Thursday, October 10, 2013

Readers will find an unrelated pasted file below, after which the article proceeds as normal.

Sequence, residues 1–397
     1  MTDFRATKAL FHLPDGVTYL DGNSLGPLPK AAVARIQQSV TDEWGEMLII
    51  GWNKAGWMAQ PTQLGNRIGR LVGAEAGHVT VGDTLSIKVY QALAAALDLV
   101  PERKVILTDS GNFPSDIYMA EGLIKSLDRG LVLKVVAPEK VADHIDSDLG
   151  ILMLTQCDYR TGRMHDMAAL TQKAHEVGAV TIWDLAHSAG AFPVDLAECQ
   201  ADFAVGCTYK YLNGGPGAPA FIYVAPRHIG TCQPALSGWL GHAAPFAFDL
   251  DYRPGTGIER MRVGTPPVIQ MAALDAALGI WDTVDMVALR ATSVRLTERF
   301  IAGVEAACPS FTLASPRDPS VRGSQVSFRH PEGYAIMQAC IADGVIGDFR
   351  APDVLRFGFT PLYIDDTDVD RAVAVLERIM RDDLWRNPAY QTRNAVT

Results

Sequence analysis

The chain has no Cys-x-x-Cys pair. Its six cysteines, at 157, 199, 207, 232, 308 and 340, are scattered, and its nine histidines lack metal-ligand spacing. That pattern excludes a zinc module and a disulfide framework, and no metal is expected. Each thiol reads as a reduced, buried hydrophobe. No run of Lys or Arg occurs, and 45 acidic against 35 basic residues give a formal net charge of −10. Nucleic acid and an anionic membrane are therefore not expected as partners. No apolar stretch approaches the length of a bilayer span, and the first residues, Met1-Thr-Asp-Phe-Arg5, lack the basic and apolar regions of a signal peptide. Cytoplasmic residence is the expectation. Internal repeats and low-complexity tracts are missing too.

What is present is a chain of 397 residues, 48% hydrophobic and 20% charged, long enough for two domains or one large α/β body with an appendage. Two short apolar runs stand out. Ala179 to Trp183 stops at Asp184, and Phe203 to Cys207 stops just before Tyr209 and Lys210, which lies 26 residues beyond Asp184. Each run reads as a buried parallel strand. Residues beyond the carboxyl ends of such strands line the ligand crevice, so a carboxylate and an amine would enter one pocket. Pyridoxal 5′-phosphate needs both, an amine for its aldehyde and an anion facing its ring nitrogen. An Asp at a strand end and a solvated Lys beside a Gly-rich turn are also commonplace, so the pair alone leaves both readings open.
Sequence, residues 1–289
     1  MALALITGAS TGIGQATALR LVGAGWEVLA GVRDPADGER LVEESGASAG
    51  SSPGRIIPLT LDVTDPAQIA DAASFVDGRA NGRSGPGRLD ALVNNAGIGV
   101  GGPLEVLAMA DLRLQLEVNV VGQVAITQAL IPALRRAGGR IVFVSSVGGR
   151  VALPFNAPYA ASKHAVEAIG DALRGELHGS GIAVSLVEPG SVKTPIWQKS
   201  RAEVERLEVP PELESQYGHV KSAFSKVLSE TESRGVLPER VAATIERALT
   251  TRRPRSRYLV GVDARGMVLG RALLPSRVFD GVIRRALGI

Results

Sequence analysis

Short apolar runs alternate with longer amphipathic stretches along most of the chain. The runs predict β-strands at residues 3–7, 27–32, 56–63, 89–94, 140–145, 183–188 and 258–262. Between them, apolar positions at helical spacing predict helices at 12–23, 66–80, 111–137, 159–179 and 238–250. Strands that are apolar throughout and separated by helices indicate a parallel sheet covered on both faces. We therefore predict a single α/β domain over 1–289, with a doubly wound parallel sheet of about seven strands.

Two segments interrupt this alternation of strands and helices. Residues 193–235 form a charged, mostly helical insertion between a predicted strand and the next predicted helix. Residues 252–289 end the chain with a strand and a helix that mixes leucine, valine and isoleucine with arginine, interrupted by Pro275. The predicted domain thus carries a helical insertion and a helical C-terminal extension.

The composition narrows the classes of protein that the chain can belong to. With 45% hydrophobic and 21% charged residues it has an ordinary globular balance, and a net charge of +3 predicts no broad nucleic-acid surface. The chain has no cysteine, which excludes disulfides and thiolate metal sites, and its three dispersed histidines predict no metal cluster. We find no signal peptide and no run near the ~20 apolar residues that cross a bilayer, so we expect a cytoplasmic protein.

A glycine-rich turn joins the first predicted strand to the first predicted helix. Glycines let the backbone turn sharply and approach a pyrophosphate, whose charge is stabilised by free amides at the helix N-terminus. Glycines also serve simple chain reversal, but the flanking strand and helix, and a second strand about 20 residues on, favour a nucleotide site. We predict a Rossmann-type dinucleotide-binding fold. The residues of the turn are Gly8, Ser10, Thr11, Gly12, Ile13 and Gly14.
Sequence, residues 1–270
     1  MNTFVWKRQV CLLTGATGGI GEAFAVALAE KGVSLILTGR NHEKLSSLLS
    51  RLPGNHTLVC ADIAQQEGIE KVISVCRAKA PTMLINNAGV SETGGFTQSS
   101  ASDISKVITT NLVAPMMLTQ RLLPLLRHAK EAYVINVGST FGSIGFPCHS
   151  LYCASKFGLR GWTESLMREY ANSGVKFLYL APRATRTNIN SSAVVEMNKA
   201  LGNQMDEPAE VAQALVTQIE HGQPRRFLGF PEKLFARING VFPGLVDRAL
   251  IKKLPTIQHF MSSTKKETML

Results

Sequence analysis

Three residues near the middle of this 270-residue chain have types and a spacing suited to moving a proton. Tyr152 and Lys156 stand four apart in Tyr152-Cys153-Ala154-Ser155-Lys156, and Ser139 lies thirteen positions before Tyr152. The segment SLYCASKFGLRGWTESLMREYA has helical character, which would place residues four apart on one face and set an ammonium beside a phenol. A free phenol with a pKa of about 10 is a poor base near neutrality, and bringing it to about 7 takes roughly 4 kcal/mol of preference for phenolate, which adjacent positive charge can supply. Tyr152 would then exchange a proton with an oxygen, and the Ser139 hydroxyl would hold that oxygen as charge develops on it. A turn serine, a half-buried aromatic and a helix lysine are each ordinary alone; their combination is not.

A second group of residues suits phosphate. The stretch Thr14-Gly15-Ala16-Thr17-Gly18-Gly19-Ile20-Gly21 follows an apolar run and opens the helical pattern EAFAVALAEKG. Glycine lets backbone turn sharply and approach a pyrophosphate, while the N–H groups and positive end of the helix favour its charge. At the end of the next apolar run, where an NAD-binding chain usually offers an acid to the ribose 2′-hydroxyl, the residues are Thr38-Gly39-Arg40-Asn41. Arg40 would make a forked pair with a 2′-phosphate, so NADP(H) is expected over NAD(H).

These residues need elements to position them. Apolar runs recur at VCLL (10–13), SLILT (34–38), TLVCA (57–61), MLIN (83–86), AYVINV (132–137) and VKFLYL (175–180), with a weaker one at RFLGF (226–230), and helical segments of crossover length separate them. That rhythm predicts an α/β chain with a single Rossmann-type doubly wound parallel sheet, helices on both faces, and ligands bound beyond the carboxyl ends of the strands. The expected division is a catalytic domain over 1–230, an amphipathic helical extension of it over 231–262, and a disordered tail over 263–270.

This article could have been written in revolutionary France in 1793. The only thing that they haven't yet done is cut off their heads. Our government is out of control. First, it was the World War II veterans who had to break down barriers to see the open air, un-attended memorial erected in their honor. A memorial which is on public land but is supported – including the National Park Service fee – with private funds. This week there was more security surrounding this memorial — just to keep elderly veterans out — than there was at our embassy in Benghazi the night it was attacked. And for what? To inflict as much pain as possible through this government shutdown. It’s called Washington Monument Syndrome, and it’s pure political theater. But now there’s a story just coming to light that takes things even further. According the Archdiocese for Military Services, GS and contract priests (who are paid by the federal government as independent contractors in places where there aren’t enough active-duty priests to meet the needs of Catholics in military service) are being forbidden from celebrating Mass, even on a volunteer basis. If they violate this restriction, they face possible arrest. FOR CELEBRATING MASS. From John Schlageter, General Counsel for the Archdiocese: There is a chronic shortage of active duty Catholic chaplains. While roughly 25% of the military is Catholic, Catholic priests make up only about 8% of the chaplain corps. That means approximately 275,000 men and women in uniform, and their families, are served by only 234 active-duty priests. The temporary solution to this shortage is to provide GS and contract priests. These men are employed by the government to ensure that a priest is available when an active duty Catholic Chaplain is not present. With the government shutdown, GS and contract priests who minister to Catholics on military bases worldwide are not permitted to work – not even to volunteer. During the shutdown, it is illegal for them to minister on base and they risk being arrested if they attempt to do so. As an example, if a Catholic family has a Baptism scheduled at the base chapel at Langley AFB this weekend, unless they can locate a priest who is not a GS or contract priest, they should consider it cancelled. Likewise, a Marine who attends Sunday Mass at the Quantico Chapel will have to go elsewhere this weekend. If you are a Catholic stationed in Japan or Korea and are served by a Contract or GS priest, unless you speak Korean or Japanese and can find a church nearby, then you have no choice but to go without Mass this weekend. Until the Federal Government resumes normal operations, or an exemption is granted to contract or GS priests, Catholic services are indefinitely suspended at those worldwide installations served by contract and GS priests. At a time when the military is considering alternative sources of funding for sporting events at the service academies, no one seems to be looking for funding to ensure the Free Exercise rights of Catholics in uniform. Why not? This shutdown impacts Catholics in the military worldwide. In the DC-metro area, it specifically impacts bases like Quantico. On the Facebook page for the Archdiocese, Catholic military members commenting on the story are not happy. Comments include: “This is outrageous!!! Especially threatening them with arrest to voluntarily do their job.” “Unbelievable! I was worried about this because our priest is contracted as well. It is bad enough to be furloughed but to not have a Mass to attend, is a real downer,” “Just one example, a couple is getting married tomorrow at a large Air Force Base that is staffed by a Contract priest. That priest did all of their marriage prep, and has gotten to know the couple very well over the past few months. But with the shutdown, he cannot perform their wedding. Instead of the priest that the couple has come to know and love, an active duty priest has to be sent in to perform the wedding of two people who are strangers to him and he to them.” ” Is anyone up there going to start a protest?! A rosary ?!?!? A nice Catholic riot maybe?! PLEEEAAASSEEE?! SOMEONE?! ANYONE?! Any real Carholics out there?!!!!???!” This is outrageous. It is a violation of the First Amendment. It is a prohibition of the free exercise of religion to order priests under penalty of arrest that they cannot volunteer their time to offer Mass to the faithful on base. This cannot be allowed to stand. As of this writing, I have not yet received a response to my inquiry to the Archdiocese for Military Services as to what specific action steps we can take to get this problem addressed. Until we have a path to resolution, please share this story as widely as possible. Make people aware that Catholics serving our country are being forcibly denied access to the sacraments. These are the lengths the administration and the Democrats in Congress are willing to go to in order to continue inflicting as much pain as possible on the American people during the shutdown. UPDATE – 10/4/2013 @ 12:34PM: I received a response from the Military Archdiocese. Mr. Schlageter writes with a correction and additional information from the original release: There will be Mass at Quantico because of the terms of service of the contract for the priest at Quantico. Nonetheless, 3 Masses have been cancelled at local Fort Belvoir. I have been told but cannot confirm that Mass has been cancelled at the Navy yard. In one situation a couple that is to be married at an Air Force Base this Saturday and did all of their preparation with a GS priest will now be married by an active duty priest who is being taken in from somewhere else. This means that the priest that the couple got to know over the past few months will not be able to witness their marriage. One priest in Virginia Beach will be celebrating Mass in a local park off base. We are also learning that some chapel musicians will not be able to play at Sunday Mass during the furlough. I think that the best thing people can do is to get the message out. I would suggest that they contact their local members of Congress, but in those cases where parishes are located next to a military base that will not have Sunday Mass, that people be kind and welcoming to their military brothers and sisters and their families. Please do contact your local member of Congress and welcome our service members into your parishes. And continue to spread the message about these restrictions. UPDATE – 10/4/2013 @ 2:32PM: I just got word that while the Navy Yard is staffed with an active-duty priest who will not be impacted by the shutdown, the GS priest at the nearby Joint Base Anacostia-Bolling is furloughed. Since Anacostia-Bolling has the larger chapel, the active duty priest from Navy Yard will be celebrating Sunday Mass at Anacostia-Bolling instead of Navy Yard. The Catholic Community at the Navy Yard has been invited to attend Sunday Mass at Anacostia Bolling.